Fordham University            The Jesuit University of New York
Fordham Theatre Department

The Glass Menagerie by Tennessee Williams
Directed by Riley Tehan, '13

Savage/Love by Sam Shepard and Joseph Chaikin
Directed by Jen Delac, '13

Eurydice by Sarah Ruhl
Directed by Jenni Meador, '13

Lydia Octavio Solis
Directed by Jordanna De La Cruz, '12



Directing Major
Elizabeth Margid, head of the Fordham Theatre Directing Program

About the Directing Track

The goal of the directing track is to teach the tools of the trade and help directors begin to find their artistic
voice. The emphasis is on experiential learning.

• Over the course of four years, directing majors can stage three full productions in the studio theatres and assist professional directors on Fordham theatre’s mainstage productions.

• Student directors work with outside professional directors who mentor them and help develop their projects.

• Directing majors have the opportunity to spend a semester abroad and to intern at some of New York’s leading professional theatres.

Directing Major Requirements
(Thirteen Courses, 51-53 Credits)

Foundation courses required of all theatre majors:
THEA2080 Collaboration I (open to theatre majors only)
THEA2090 Collaboration II (open to theatre majors only)
THEA2011 Text Analysis 
THEA2000 Theatre History I: The Greeks
THEA2100 Theatre History II:  Medieval to the Restoration
THEA2200 Theatre History III: Modern to the Present

Directing Major Required Courses:
THEA2010 Acting I
THEA2700 Acting II
THEA3205 Page to Stage
THEA4510 Directing Production Workshop I

THEA4520 Directing Production Workshop II
THEA2070 Theatre Design

One course taken from the following: Directing Production Workshop III, Movement, Voice, Stage Management, Theatre Management, Playwriting, a second Design course, Stage Combat, Screenwriting, Film, Video, Photography, Visual Thinking.


TDLU 2080/2090- Collaboration I and II
A two-course sequence for all freshmen theatre majors. This course will instill in students that the primary skill in the theatre is the ability to work together. Students across each concentration (performance, playwriting, directing, and design and production) will create short pieces as a team with leading roles circulating.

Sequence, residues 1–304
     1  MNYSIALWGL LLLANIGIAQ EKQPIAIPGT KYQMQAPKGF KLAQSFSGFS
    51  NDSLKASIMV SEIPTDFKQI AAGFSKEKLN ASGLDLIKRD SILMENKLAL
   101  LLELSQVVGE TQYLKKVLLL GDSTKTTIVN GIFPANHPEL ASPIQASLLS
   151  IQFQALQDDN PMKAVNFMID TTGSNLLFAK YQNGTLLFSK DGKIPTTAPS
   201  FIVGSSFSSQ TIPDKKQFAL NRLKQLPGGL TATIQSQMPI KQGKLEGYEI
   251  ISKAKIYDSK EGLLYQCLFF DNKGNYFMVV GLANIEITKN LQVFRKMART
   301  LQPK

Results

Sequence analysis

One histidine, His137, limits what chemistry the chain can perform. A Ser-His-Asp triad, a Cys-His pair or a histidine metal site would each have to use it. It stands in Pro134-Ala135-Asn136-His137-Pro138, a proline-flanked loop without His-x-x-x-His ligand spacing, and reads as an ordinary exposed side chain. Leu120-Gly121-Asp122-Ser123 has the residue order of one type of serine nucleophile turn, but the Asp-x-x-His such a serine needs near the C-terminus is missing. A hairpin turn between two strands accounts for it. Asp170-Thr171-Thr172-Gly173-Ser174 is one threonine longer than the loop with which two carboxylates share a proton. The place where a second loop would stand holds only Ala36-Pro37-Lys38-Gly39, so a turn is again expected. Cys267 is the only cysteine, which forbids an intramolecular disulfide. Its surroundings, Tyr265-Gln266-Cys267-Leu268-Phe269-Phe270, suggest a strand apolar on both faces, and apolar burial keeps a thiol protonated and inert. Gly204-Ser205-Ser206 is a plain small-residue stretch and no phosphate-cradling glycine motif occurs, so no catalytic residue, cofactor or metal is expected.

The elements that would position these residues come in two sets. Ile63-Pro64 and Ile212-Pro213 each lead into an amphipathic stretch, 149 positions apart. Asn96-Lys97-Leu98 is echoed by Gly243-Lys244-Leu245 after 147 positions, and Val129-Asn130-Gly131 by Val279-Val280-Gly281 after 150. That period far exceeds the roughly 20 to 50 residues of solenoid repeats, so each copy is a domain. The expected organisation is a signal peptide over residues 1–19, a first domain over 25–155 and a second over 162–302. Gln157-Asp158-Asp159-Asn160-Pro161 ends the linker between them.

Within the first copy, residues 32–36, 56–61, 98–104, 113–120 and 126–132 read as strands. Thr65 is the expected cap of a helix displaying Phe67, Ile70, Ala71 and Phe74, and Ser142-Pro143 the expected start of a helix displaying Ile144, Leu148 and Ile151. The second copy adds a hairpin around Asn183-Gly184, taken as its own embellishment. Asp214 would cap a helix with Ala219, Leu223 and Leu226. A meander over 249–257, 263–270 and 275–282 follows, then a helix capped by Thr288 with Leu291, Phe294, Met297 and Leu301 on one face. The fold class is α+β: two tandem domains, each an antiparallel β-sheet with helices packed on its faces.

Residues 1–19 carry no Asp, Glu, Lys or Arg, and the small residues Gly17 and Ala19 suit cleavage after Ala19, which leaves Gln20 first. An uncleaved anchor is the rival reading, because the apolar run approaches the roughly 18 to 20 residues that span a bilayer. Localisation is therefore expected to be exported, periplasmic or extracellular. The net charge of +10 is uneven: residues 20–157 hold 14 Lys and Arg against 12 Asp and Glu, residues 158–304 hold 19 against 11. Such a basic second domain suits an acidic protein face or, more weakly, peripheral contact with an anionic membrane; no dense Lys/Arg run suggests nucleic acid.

TDLU 2011-Text Analysis
Through careful, intensive reading of a variety of plays with different dramatic structures and aesthetics, students begin to see that options exist for interpreting a script.

TDLU 2010-Acting I
An introductory acting course in which students participate in voice, movement, and impulse exercises with particular emphasis on physical actions. Vocal Lab. (Every fall)

TDLU 2700-Acting II
Introduction to scene study and text analysis for the actor using the Stanislavski approach. Work on scenes chosen from realistic plays. Students will study character development by exploring psychological objectives and how they are embodied in physical actions. Prerequisite: TDLU 2010. Vocal and Movement Labs. (Every spring)

TDLU 3205-Page to Stage
This is a class in how to collaborate to translate words on a page into a vision for production. Using a classic realist text as a model play, students will discuss the work in class, do visual and dramaturgical research, and work in teams to develop design ideas, sketches, and models. The focus will be on uncovering and releasing one’s own personal vision of the play as well as on how to collaborate to achieve a collective vision. Outside readings and video screenings of other directors’ and designers’ work complement students’ own investigations into the focal text. In addition to working with the designers to articulate production approaches, directing students will also cast actors and rehearse scenes from the play outside of class. The semester will culminate in a final evening presentation of the scenes and design work. 

TDLU 4510/4520/4530-Directing Production
Workshop I – III

This course is designed as a lab to increase the collaborative learning process of studio productions. These advanced production classes guides students through the process of producing fully staged productions for public performance. In the process, students will hone their ability to analyze text, shape a production approach, communicate with artistic collaborators, conduct auditions and rehearsals, realize design concepts, plan a production schedule, and create and manage a budget. Although the focus is play production, attending and discussing both university and professional productions is an important aspect of these advanced production courses.

TDLU 4010-Directing Lab (2-4 credits)
Direction and production of a play under faculty supervision. (A full-length play or two one-act plays are acceptable). For Theatre Majors with a concentration in Directing. Consent of faculty advisor and chairperson.

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